The protein-rich, solvent-extracted meals and press cakes of oilseeds are among the most important protein sources used in compound feed worldwide. In Switzerland, 85 % of oil seed by-products have to be imported. Rapeseed and sunflowers are the most important indigenous oilseeds. Domestic production is bound to contractually negotiated quantities and has thus limited expansion potential. Crude protein, fibre and energy content of especially sunflower by-products deviate, depending on hull proportion, substantially from the ideal profile. However, protein from rapeseed and sunflower is a good source for S-containing amino acids and in this respect superior to soy protein. Sunflower by-products are deficient in lysine for demanding animals and the partially dehulled and non-dehulled commercial grades contain too little energy for monogastric animals. In addition, the high oleic acid varieties cause high PUI indices, which is undesired in diets for fattening pigs for fat quality reasons. Among the minor oilseeds, the press cake of the oil pumpkin stands out with a crude protein content of over 550 g/kg DM together with a high nutrient digestibility, which makes it a multi-purpose protein source. However, the protein quality does not quite match the ideal profile. The high residual fat content will limit its use in diets for fattening pigs, which in principle applies to all press cakes. As hardy crops, linseed and camelina are well suited for low-input production systems. The nutrient profile and antinutritive compounds in the by-products limit their use in the feed of monogastric animals, which can be improved by thermal treatment. Due to low protein yield per ha of domestic oilseeds, too much arable land would be used at the expense of other crops to substantially increase the national protein supply.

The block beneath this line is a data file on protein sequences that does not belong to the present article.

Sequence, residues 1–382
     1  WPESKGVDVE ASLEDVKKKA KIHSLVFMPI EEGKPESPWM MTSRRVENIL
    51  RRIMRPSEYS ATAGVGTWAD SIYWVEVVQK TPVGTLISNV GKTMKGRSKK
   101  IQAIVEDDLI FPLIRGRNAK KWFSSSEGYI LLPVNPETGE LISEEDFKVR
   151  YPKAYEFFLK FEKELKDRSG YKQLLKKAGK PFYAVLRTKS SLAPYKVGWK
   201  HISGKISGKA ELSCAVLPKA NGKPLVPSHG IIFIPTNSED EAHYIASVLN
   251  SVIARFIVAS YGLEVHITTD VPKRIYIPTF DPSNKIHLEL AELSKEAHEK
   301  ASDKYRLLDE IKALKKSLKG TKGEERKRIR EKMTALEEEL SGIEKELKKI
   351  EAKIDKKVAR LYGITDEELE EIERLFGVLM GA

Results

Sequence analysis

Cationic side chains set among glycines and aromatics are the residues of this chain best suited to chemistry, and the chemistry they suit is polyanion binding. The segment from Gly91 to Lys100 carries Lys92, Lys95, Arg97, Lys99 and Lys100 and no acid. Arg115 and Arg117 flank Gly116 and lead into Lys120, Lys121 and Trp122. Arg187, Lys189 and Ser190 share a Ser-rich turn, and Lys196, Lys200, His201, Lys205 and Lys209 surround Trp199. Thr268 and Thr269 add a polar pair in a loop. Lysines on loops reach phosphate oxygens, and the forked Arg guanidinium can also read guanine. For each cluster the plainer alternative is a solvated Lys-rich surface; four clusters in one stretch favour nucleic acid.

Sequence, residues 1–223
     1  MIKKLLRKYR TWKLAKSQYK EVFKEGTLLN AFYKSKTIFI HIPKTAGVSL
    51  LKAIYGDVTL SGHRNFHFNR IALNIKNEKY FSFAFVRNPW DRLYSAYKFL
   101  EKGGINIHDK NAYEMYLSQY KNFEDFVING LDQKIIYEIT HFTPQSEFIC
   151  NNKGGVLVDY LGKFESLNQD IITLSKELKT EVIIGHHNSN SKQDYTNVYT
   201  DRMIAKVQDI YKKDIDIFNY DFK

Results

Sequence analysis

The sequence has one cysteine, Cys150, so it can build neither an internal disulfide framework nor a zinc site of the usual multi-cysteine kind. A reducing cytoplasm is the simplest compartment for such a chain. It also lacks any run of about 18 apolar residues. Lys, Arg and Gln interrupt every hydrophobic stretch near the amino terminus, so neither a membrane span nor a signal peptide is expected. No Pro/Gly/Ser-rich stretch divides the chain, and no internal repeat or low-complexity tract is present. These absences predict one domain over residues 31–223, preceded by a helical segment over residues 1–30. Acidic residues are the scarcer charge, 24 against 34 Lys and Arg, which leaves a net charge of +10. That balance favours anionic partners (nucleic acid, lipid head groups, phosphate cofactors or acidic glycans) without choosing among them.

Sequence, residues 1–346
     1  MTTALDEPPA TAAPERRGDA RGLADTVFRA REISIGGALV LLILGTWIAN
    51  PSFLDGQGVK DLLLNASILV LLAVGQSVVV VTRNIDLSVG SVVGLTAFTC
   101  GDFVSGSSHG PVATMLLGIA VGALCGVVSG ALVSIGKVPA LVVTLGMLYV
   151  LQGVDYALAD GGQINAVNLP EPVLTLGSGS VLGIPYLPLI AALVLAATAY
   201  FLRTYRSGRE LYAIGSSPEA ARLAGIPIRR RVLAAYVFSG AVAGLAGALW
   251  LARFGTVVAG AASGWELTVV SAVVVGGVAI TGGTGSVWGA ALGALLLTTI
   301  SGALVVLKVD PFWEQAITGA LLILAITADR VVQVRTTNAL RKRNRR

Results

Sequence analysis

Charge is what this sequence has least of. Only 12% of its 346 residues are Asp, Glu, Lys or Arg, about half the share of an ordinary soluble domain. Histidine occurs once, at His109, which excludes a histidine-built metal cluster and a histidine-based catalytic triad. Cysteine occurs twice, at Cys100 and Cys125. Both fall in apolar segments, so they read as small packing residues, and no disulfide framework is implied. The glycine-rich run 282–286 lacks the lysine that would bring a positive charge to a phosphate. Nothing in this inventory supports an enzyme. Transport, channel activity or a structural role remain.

Stable climate has an important impact on the respiratory health of horses. In a study on indoor climate quality, three different ventilation systems were tested.
Although milk-production oriented (MPO) cow breeds have also become established in the mountain region, farms with the dual-purpose ‘Original Simmental’ breed are proving to be economically viable, with lower costs and higher direct payments making up for lower revenues from milk.
High milk yields before drying-off increase the risk of udder infections during the dry period. An online survey highlights what drying-off methods are currently used and how farmers rate the ‘incomplete milking’ approach for reducing milk yield.